I spent a little time this long weekend trying to unwind my overwrought brain by playing Skyrim. And I had the same loopy thought I always have when I play it, which is, “Holy hell, life was hard back in ancient Norway.” Of course, Skyrim is purely fictional and involves dragons and mages and mythical secret societies and all of the usual D&D gaming fare, but nonetheless it reverberates with an overall feel of the ancient era involving one long, hardscrabble fight for daily survival at its basic level (not to mention filth and total lack of sanitation.) As many problems as modern life brings with it, I’d much rather be living now than back in the days when children dropped like flies from the common flu and it was all over for you if you got a simple tooth infection. I know it’s tempting to believe that whatever era you’re living in is more treacherous and dark than any before it, but I’ve never been one to turn a dewy eye on the past and wax nostalgic about how much better it was “back then”. It wasn’t.
But something is going on. Lately I have felt a sense of darkness in our culture that’s tainted with a disturbing undertow of hopeless, nihilistic despair. I’m not talking about your everyday first-world existential angst. I’m talking about something deeper and more profound. It’s been showing up in our popular culture for at least the last five years with the massive popularity of shows such as “Dexter” and “The Walking Dead” (both of which I love), and books like Cormick McCarthy’s “The Road”, a great and grueling read. But I’ve noticed it most markedly in our superhero movies. I’m not a big comic book fan (please, no nerd rage in the comments section), and with the exception of the Batman series, I don’t make a special point to see comics-based movies. But today Mr. Typist and I saw the latest Ironman, and no less than three of the trailers they showed were from movies based on Marvel comics superheroes. And that’s when I realized that what’s going on in these movies now is much different than the "reluctant-superhero-overcomes-inner-obstacles-and-saves-the-world” trope we all know and love.
I can’t quite put my finger it, but there is something deeply twisted happening with these narratives. It’s more than just a dark turn on a common theme. There is something black and hopeless infecting our well-known myths. There is a deep societal self-hatred being mirrored in these films and in our popular culture in general. The pain of the Hero has extended beyond an inner struggle, and is now a struggle to decide if humanity is even worth saving to begin with. The villains are no longer out to serve themselves through power, wealth or revenge, but are instead bent on the wholesale destruction of humanity for its own sake. Our worst nature is reflected back at us not as an aspect of ourselves, but as our core identity. We seem to be slowly poisoning the roots of our long-held cultural narratives, but so far we aren’t replacing them. It almost feels as though we are trying to annihilate ourselves.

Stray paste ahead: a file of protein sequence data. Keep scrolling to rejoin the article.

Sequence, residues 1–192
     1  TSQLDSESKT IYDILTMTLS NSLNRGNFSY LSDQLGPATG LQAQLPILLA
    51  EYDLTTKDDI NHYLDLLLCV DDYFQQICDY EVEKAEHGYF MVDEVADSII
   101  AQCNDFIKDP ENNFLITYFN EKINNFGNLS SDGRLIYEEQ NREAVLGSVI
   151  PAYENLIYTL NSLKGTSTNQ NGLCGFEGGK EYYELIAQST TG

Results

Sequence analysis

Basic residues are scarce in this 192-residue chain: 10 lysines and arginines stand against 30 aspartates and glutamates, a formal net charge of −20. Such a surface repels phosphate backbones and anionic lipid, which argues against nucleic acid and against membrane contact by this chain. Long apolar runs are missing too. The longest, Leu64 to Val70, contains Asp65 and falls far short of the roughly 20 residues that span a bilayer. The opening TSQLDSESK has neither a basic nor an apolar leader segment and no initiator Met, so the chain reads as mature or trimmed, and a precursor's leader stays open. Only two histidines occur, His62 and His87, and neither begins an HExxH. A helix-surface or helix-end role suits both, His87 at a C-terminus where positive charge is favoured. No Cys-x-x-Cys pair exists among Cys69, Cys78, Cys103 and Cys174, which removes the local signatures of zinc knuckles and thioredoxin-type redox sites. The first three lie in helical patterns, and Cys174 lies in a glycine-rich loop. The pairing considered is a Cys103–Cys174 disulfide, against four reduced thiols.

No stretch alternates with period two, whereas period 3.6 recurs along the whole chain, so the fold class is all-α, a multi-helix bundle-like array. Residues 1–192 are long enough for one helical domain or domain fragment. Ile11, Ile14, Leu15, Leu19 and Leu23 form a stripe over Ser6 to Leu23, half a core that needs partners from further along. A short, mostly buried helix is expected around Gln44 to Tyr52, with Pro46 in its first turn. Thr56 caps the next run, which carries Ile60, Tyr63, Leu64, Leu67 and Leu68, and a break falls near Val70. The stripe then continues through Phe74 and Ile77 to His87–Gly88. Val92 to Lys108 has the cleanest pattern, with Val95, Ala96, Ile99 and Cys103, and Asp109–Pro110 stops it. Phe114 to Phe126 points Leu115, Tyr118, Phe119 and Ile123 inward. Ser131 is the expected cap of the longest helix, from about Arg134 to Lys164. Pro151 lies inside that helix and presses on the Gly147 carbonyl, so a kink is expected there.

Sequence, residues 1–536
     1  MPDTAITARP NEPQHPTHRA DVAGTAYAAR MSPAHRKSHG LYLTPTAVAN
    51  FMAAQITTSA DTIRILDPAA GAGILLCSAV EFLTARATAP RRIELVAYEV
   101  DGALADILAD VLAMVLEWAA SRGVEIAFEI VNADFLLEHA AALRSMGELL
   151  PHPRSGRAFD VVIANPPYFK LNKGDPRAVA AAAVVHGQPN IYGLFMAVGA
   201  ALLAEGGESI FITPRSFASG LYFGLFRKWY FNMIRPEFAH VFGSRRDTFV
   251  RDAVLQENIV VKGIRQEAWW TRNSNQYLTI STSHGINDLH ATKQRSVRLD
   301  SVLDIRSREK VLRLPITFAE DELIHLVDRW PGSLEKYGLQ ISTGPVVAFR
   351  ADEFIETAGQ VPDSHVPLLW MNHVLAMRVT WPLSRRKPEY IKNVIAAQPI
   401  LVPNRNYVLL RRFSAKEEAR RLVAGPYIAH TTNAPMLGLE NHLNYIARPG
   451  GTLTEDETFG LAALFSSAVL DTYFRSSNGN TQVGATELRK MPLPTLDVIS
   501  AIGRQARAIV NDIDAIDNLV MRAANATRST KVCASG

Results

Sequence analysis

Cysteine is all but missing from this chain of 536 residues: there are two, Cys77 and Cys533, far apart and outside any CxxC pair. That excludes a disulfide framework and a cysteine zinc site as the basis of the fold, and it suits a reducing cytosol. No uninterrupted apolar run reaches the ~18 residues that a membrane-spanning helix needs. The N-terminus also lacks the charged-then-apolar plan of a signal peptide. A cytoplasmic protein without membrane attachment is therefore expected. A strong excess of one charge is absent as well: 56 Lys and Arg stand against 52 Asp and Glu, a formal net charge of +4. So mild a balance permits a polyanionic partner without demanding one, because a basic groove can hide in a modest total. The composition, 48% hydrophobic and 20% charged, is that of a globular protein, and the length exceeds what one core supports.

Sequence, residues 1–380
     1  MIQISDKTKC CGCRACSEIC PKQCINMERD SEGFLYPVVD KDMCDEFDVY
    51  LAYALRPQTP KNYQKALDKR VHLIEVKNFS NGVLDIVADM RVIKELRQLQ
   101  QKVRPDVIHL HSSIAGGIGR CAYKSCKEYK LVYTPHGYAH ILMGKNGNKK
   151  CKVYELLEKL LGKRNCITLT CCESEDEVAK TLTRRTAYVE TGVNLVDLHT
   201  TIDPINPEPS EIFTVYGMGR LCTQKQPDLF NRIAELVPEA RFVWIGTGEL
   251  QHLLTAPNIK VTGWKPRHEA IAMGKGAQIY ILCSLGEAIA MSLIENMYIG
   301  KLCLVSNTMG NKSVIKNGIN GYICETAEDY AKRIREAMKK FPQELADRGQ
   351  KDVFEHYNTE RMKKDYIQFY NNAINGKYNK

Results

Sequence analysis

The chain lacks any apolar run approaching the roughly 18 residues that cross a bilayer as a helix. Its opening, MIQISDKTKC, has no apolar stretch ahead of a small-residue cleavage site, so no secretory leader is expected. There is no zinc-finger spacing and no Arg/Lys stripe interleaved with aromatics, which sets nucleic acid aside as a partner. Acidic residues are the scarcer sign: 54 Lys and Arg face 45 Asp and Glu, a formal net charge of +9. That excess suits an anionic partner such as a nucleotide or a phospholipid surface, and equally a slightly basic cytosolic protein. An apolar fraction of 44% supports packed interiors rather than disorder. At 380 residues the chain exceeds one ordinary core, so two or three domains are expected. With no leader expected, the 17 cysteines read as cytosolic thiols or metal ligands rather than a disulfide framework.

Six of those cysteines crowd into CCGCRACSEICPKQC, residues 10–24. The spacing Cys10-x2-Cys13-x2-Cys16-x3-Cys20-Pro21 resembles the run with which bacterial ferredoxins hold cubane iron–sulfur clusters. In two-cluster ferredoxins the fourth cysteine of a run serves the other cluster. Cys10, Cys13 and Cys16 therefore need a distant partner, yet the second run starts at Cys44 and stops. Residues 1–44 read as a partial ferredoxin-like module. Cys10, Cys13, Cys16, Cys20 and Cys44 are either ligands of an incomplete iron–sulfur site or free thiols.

As I was thinking about all this today, I recalled Heath Ledger’s brilliant performance as the Joker in “The Dark Knight”, and I’m more convinced than ever that his death was due at least in part to the toll that role took on him as artist. I don’t think that you can embody that level of inhumanity so effectively and not have it infect you in some permanent and damaging way. The cultural obsession with his performance and his subsequent death wasn’t the beginning of this transformation of our core myth, but it’s one of the more powerful examples.
In the end, this may be a good thing. It may be a natural step in our evolution, a phase that we need to go through to mature and advance. But with our population living longer than any other time in history, and with astounding advances in medicine, science and technology creating a seemingly safer world than ever before, I find it interesting that we are so obsessed with our darker nature and the prospect of our own mass destruction. Does it come from an instinctual unease with how far our technology is taking us from confronting our essential biology? Is it a manifestation of our reptilian brain trying to flex its muscle in a world of ever-dwindling threats to our person? Or are we collectively, perhaps subconsciously, preparing ourselves for the inevitable? A smarter person than me is going to have to figure that one out. But I do wonder.
And on that cheery note, let’s take it out with a little Skyrim-based music, courtesy of the lovely Maluka and the Melbourne Symphony Orchestra, just so you can’t say no real art comes from video games: